Inherited Metabolic Disorder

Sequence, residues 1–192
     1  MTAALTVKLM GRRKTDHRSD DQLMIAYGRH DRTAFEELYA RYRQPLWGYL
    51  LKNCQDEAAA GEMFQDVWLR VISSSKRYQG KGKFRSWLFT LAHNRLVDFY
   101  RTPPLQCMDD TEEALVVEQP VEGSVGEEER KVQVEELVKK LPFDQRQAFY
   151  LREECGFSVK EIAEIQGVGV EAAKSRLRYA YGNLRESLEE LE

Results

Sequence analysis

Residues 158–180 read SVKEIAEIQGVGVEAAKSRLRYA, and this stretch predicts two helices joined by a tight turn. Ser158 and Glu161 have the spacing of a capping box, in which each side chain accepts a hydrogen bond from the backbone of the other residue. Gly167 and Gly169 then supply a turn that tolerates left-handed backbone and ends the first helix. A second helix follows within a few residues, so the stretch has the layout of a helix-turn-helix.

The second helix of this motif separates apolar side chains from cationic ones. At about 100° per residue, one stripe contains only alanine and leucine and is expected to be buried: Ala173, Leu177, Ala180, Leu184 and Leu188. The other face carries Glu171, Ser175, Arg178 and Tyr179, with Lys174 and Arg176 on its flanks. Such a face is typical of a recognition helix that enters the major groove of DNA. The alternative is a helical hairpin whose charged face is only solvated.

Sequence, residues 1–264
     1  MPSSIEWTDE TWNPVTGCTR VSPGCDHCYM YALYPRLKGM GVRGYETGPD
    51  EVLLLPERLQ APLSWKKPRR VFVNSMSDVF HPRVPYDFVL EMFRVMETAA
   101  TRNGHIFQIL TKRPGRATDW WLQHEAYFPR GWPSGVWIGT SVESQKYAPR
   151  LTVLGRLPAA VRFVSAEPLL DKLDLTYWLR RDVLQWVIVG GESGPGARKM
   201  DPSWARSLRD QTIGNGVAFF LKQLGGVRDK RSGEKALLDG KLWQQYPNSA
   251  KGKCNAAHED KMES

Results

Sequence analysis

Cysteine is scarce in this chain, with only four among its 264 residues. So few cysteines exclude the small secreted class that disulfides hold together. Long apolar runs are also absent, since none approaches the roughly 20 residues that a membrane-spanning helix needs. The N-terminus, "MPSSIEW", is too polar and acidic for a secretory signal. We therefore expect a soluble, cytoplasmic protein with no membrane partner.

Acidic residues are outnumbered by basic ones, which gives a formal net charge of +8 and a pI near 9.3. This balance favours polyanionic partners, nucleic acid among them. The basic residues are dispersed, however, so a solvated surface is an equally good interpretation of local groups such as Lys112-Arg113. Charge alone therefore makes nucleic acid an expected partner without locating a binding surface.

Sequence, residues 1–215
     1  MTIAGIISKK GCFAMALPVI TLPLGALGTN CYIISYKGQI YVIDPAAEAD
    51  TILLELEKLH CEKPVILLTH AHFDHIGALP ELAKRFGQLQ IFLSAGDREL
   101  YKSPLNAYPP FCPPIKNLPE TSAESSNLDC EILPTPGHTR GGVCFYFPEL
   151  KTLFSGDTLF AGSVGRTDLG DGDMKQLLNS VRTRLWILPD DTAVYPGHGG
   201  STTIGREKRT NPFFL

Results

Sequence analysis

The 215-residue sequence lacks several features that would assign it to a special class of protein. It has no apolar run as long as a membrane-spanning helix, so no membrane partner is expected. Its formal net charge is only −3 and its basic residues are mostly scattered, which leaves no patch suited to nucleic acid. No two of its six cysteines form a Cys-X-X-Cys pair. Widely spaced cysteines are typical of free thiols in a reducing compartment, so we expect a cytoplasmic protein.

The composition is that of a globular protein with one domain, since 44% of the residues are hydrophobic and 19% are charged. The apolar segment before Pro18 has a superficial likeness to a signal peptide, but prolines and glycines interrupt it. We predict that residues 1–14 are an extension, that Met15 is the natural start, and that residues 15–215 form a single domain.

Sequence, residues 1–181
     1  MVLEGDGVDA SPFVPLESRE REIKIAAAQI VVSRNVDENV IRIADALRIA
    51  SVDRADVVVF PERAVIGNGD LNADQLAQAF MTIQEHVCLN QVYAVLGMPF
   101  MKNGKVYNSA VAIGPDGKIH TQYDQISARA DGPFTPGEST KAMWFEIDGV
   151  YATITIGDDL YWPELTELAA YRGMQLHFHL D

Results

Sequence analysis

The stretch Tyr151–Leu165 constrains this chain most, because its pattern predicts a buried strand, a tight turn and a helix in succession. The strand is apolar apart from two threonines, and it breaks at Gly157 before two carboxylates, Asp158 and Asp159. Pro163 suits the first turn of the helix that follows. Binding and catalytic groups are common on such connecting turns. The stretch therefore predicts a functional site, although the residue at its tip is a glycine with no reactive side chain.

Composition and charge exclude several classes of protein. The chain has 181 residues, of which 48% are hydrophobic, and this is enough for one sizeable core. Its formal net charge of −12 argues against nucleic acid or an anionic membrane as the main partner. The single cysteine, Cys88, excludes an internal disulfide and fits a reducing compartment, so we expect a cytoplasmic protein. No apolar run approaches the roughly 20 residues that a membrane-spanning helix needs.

Inherited metabolic disorders (IMD) result from mutations of genes associated with metabolism, co factors, channels, carriers or receptors in metabolic pathways that are the basis of metabolic disorders of anabolic or catabolic pathways. These mutations could also be responsible for different types of biochemical abnormalities, including the accumulation of intermediate and/or bypass metabolites, or a deficiency of terminal metabolites, leading to metabolic crises, such as lactic acidosis, hyperammonemia syndrome and ketoacidosis. Genotype-phenotype correlations based on expression analysis of structural and functional mutations are gradually being recognized in different IMDs and subtypes of the disease, and >500 types of IMD have been identified so far. In all regions, it is reported that the overall incidence of neonatal with IMD is 1 in 1,000–2,500 newborns, while an estimated 16–20 million newborns are confirmed in China each year, indicating that effective and applicable measures are warranted due to the high-risk of infant IMD.